Matthew: Right. Yeah. I mean, Astro is a static site generator. It’s kind of hard to explain how Astro came about, but I don’t know if that’d be helpful to go there, but what Astro is in general is, it’s a stack site generator that allows you to use components in any framework that you’re familiar with, whether it be View or React, Svelte, anything really you can bring your own framework and have that workflow that a lot of people enjoy while still generating purely static HTML and CSS.

Drew: So instead of using something like Handlebars or one of those traditionally server side templating languages, you can use your own reactive framework, essentially React or View or Svelte or whatever to act as the templating system for your static site generator. Is that-

Matthew: Yeah, it’s kind of, if you’ve heard of 11ty, but it’s kind of a halfway between something like 11ty or a more traditional static site generator where you’re using some templating language that is built for basically string concatenation in something front end, more front end driven static site generator like Gatsby, for example, it’s kind of a halfway between there. We wanted the developer experience, component usage, component usage is very useful. It’s very useful to be able to compose things in small chunks and there’s not a great way to do that in the more traditional templating engines that exist.

Matthew: So people, I think, gravitate towards these component based frameworks just because they’re so composable and the appeal to it doesn’t necessarily, it’s not necessarily, “Hey, I want this thing to be interactive in the client always.” It’s just, “I want to compose things in small parts.” And so yeah, we’re kind of a halfway between that, but we still want to generate this ideal static content. And I think there’s a lot of people who, like I said, they gravitate towards the framework way of doing things, but they’re not super happy with what it actually produces because, I’m writing a blog or I’m writing a marketing page or something like that, I don’t need all this Java script, but I’m kind of used to it and it builds well.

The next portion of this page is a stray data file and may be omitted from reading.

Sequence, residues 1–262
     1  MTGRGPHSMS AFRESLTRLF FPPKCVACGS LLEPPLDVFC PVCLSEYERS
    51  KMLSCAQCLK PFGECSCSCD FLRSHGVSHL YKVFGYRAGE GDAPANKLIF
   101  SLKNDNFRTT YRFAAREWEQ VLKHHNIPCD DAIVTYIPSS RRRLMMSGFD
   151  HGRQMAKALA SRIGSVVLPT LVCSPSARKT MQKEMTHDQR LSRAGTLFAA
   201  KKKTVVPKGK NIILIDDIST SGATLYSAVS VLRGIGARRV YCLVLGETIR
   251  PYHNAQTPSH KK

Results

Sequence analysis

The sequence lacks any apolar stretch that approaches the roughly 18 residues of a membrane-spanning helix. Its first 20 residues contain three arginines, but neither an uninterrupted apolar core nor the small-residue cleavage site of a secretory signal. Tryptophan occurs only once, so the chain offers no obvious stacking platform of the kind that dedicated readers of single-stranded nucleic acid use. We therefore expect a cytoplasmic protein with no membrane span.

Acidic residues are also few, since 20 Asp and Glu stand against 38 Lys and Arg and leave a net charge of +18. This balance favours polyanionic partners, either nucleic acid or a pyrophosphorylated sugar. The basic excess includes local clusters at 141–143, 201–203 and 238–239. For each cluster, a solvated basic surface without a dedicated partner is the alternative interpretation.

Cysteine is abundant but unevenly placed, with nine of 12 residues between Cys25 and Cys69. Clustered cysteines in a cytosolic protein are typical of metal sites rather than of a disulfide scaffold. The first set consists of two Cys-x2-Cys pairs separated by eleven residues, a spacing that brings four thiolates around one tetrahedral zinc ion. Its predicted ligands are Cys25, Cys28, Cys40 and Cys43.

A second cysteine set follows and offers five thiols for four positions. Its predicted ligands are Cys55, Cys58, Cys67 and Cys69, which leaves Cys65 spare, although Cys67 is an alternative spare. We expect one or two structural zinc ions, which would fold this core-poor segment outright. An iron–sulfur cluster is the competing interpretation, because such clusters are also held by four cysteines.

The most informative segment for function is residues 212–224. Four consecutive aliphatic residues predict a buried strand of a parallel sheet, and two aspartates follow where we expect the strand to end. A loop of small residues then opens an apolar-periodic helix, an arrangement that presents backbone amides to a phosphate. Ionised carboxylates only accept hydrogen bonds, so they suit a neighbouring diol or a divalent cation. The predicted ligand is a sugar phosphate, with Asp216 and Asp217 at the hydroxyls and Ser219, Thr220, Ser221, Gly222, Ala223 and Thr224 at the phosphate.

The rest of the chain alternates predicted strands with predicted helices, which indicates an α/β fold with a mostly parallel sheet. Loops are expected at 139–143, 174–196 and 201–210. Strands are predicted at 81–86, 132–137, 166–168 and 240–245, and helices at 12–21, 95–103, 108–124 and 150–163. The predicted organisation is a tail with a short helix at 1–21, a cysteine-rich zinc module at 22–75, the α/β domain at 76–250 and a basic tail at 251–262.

Matthew: So, I guess that’s kind of the problem you’re trying to solve is, we love, as people with… We have a lot of people in our community and on the team with a background in, I guess you would say the front of the front end, and they really want this plain HTML and CSS output, so it’s a way to balance those two desires, I guess.

Drew: So I guess it would be great for teams who are maybe building some sort of product in React or View or what have you, and then it comes to their marketing site and their document and their blog and all those things that actually they want to be really well SEO optimized and really faster load and really low overhead and would be ideal as static HTML and CSS pages, but they could still use their normal workflows and all the tools they’re used to to develop those.